What to do? First, go get yourself a cup of Joe.

The problem here is that the espresso machine is a functional unit or composite good but it is also a finished thing. This is not a situation where some mad genius of marketing as created a chimera of two largely unrelated things like my dream of a microwave corn popper that is also a streaming media player. This is different. It is an espresso machine that includes a pump and grinder as part of its design to fulfill its purpose of making espresso. According to the Explanatory Notes to Section XVI, that is a case where the classification of the composite good or functional unit does not depend on essential character. If it did, the absurd result might be classifying a complete item as one of several competing components even though there is a perfectly good heading for the complete item. That should be avoided.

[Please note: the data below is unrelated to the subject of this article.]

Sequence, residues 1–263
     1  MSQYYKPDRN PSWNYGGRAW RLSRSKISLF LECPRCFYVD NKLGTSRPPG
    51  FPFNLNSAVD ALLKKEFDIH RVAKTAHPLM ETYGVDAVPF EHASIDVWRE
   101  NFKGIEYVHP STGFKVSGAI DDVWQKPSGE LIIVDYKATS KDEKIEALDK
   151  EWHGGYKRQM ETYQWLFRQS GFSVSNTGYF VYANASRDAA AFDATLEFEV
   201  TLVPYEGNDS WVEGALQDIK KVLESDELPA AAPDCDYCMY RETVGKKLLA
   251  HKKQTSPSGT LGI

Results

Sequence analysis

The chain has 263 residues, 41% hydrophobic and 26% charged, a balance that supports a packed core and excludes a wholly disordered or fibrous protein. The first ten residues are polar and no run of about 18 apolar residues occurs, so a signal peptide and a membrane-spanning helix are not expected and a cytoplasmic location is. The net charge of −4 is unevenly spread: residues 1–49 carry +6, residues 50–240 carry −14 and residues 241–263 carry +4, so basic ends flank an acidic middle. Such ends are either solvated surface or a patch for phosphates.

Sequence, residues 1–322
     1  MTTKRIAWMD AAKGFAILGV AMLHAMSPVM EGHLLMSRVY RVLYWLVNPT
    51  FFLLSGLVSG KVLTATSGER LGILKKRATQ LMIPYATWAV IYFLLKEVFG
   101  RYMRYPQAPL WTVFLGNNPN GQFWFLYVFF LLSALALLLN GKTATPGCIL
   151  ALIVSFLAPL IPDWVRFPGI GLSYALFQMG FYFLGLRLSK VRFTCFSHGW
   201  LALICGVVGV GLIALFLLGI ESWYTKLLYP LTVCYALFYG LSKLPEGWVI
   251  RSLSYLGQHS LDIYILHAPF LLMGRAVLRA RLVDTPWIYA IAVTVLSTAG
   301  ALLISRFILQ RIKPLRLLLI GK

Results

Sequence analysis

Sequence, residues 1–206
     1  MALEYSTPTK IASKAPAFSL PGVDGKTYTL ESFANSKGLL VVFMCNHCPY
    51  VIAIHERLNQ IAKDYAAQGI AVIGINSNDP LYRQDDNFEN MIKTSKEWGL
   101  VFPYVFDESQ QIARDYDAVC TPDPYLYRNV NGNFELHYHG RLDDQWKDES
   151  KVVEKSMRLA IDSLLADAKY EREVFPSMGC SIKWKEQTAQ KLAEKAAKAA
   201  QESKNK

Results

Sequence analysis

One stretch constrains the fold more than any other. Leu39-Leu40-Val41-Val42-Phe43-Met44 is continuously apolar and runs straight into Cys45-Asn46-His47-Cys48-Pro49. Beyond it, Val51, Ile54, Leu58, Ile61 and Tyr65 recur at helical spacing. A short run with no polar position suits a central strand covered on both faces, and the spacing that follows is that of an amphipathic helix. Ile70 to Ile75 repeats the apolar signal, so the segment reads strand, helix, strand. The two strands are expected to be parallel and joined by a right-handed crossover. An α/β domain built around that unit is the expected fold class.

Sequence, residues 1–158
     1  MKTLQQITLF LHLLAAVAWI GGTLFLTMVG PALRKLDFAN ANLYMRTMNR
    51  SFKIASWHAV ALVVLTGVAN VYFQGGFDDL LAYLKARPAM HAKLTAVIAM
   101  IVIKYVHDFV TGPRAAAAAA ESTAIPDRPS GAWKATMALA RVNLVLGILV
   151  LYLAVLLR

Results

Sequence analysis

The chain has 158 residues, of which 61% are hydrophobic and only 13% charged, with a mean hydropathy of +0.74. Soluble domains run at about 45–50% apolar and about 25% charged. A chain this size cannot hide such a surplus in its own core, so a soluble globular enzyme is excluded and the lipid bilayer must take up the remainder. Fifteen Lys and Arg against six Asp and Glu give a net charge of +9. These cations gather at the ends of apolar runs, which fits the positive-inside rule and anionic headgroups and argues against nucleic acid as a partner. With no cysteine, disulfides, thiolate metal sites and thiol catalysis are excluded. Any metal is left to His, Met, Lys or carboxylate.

According to the CITT, espresso is defined as coffee made by forcing steam through ground coffee beans and as strong, concentrated coffee. Even the business documents Philips produced refer to the quality of the coffee the machine can produce. Based on this and oral testimony, the Tribunal found that espresso is a form of coffee. That means that the machines at issue can make coffee. The fact that a typical coffee machine cannot produce espresso, did not save the day for Philips.

Thus, these machines, which make espresso, are classifiable as coffee makers. Let the hipster waling begin.